The McIntosh Aeronautics Organization competed in Muncie, Indiana for the chance to be national champions and win $2500. For the third consecutive year, the Chiefs brought home the victory.
Joe Metzler, a sophomore, is the pilot for the McIntosh Aeronautics Organization. He has been flying drones for several years and jumped at the opportunity to race them competitively for McIntosh.
“I joined because I had a passion for racing drones that I had gotten into when I was in the fifth grade,” Joe said.
He said that it took a lot of hard work and practice to compete in nationals. Time had to be spent constructing the drones and practicing with them over the weekends.
“We spent many hours building the drone and perfecting it to our liking,” said Metlzer. He said that after he realized that they had won, he was “stoked,” and that it was nice to know that all the hard work had paid off. “It was very rewarding,” he said.
Behind the scenes of the McIntosh Aeronautics is Mr. Seth Bishop, Gifted Chemistry teacher and STEM Coordinator. Bishop describes his role in the team as a “coach and mentor,” and is busy delegating competition roles, running practices, and connecting students to a variety of helpful specialists in the community. Having taken full charge of the team for the first time just this year, Bishop felt the gratification of both a personal and team victory. “We had a pretty big learning curve we had to overcome this year,” Bishop said. “The victory helped make all the effort worth it.” Despite the setbacks of a fairly new coach, team, and drone, the team was once again able to rise to the top.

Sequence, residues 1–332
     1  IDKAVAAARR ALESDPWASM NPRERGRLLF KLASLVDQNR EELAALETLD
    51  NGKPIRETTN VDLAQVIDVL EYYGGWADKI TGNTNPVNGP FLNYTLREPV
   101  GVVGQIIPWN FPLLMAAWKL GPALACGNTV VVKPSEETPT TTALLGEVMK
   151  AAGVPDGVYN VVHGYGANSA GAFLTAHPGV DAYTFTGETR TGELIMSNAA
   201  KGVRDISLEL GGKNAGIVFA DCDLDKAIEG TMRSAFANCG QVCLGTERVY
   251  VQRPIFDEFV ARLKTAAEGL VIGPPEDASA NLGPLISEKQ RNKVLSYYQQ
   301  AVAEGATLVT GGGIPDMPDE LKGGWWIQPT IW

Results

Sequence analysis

However, the team isn’t finished yet. They will still be hard at work, year-round to improve the drone for next year’s regionals and hopefully nationals once again. “We are going to be working on improving the drone and improving our efficiency during missions,” Metzler said.
Senior Robert Palla, mission planner for McIntosh Aeronautics, hopes that he will contribute to the organization’s ongoing success by inspiring aeronautics passions while “continu[ing] to educate students at McIntosh about mechanical, interpersonal, and life skills.”
His encouraging words to interested high schoolers to “definitely try it out” mirrors Coach Bishop’s plan of “a training hierarchy where the senior leaders on the team step into coaching.” It’s safe to say that McIntosh’s team, despite its relative youth, should be in good hands for years to come.
But before the team moves on to bigger and better things, it’s important to recognize and congratulate McIntosh Aeronautics on this week’s continuation of their phenomenal success. As Coach Bishop reminds us, when it comes to National Championships, “Winning three in a row is a feat in any competition.”